Sandy January 04, 2012 at 02:28 PM
I do share the concern about independent book stores. But overall, I think the acceptance of e-readers is a fine thing. As long as people are reading, who cares how they are doing it? The move to e-books by libraries may save taxpayer money in the long run, because we may end up using less space on shelving and physical books. New libraries may not have to be as large, and thus they may not have to be as expensive to operate and maintain. If money is saved on operating costs, e-book collections can in turn increase, more books will be available for borrowing and more people will end up reading. And that should be the ultimate goal.
Lisa H. January 04, 2012 at 03:25 PM
I've been trying to find out about more regarding the end-to-end business model that Maryland is using for e-lending. I'm trying to find out how the libraries purchase the e-books. How does the licensing work? Who decides which titles to purchase? Are the licensed copies owned by each county library or the state of Maryland? The wait lists for titles - are these wait lists state-wide? How does Overdrive (the e-book distributor) make its money in this scenario? How many middle men are there? For example; I have a Kindle, so I know that Amazon is a partner in the process that I use to borrow a e-book from the library - I get redirected to Amazon after I go to the Overdrive website first. Are they both getting paid to provide a service? Is there duplication of service here? Can we levy requirements against the Overdrive provider? Their website interface is terrible. I can't get any answers from the library's information desk about these questions. I've also asked the Baltimore Sun to do a story about it. But so far, I've had little success finding answers.
Laurie Hayes January 04, 2012 at 03:52 PM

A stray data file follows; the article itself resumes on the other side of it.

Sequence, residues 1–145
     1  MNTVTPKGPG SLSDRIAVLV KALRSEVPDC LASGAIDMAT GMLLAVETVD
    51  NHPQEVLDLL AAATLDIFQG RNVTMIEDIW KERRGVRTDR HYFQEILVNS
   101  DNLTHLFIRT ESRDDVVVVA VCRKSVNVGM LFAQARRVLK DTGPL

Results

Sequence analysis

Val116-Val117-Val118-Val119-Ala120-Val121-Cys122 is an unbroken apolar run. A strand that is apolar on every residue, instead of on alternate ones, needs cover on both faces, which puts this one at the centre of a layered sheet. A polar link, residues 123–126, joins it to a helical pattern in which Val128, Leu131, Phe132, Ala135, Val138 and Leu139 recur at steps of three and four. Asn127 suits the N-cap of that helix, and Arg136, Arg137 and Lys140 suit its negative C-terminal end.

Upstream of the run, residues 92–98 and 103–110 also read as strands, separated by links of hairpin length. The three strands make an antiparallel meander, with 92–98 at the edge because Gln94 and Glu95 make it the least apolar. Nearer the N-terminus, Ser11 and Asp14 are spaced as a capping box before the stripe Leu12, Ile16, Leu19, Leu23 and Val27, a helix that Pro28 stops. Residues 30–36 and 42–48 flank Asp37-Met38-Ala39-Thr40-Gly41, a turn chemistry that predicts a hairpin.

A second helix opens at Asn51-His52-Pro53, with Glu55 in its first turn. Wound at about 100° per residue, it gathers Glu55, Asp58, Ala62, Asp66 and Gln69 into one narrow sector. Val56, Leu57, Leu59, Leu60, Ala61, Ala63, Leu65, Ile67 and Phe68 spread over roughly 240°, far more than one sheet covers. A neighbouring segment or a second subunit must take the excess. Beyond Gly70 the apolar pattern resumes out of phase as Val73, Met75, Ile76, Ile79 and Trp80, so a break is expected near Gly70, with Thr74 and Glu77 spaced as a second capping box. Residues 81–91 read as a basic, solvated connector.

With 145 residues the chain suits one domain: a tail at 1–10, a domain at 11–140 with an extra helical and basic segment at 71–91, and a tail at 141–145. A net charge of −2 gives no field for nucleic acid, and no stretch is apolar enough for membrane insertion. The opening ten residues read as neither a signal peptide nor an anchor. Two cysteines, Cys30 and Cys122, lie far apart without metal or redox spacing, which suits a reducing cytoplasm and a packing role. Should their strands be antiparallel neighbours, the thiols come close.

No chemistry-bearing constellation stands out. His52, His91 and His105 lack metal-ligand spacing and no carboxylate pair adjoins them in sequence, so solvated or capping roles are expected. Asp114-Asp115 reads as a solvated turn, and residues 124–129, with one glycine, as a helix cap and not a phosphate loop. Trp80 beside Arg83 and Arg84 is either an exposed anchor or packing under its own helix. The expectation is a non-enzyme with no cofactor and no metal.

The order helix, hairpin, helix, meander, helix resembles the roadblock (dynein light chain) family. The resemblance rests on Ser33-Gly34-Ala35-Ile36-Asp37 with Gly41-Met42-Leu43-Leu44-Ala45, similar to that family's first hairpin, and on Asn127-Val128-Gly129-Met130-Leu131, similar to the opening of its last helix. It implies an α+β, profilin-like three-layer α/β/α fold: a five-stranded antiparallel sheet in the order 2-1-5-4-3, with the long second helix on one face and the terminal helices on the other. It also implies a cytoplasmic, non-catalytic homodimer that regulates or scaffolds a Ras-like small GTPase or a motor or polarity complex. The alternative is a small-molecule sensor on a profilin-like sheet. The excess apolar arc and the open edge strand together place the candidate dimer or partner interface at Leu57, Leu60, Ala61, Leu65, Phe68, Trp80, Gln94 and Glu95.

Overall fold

Lisa- I would be happy to provide some answers for you. Anne Arundel County Public Library is part of a state consortium that purchases licenses for eBooks. These books are shared among the library systems throughout the state. We also independently purchase eBooks that are available only to Anne Arundel County Public Library card holders with funds out of our Materials budget. This is why we suggest logging in with your library card number when using the Overdrive site to ensure that you see all the eBooks available. The waiting lists for eBooks encompass library customers throughout the state or throughout the county depending on the holding. Our titles are chosen by our Materials Management Department according to patron demand and other criteria - much the same as the books on our shelves. Overdrive is the provider of eTitles for libraries - and one of the only games in town in this regard. Their website is admittedly a bit cumbersome to navigate and we have not been shy about noting problems. They are working on some issues. Hopefully this helps answer some of your questions. If you need additional information, please feel free to contact me directly at lhayes@aacpl.net or by phone at 410.222.7371. If I don't know the answers, I will find someone who does. Regards, Laurie Hayes Manager, PR and Marketing for the Anne Arundel County Public Library
Lisa H. January 04, 2012 at 05:01 PM
Ms. Hayes, Thank you so much for the quick response. I may email you with more questions. Thanks, Lisa
nicole January 05, 2012 at 09:17 AM
For a long time, I swore I would never get an e-reader. Books are such joyful objects. They are fun to hold, it feels good to flip pages, and they even smell good. But then last year, a friend let me use his Kindle and I quickly decided e-readers were not so bad after all. This year, I got one of my own for Christmas and I am already having a blast with it. I realize that there is a time and place for each format. One is not necessarily better than the other. I would recommend an e-reader to anyone who loves to read. Make sure you check out some reviews before you buy! http://hudsonmonk.com has some solid honest reviews.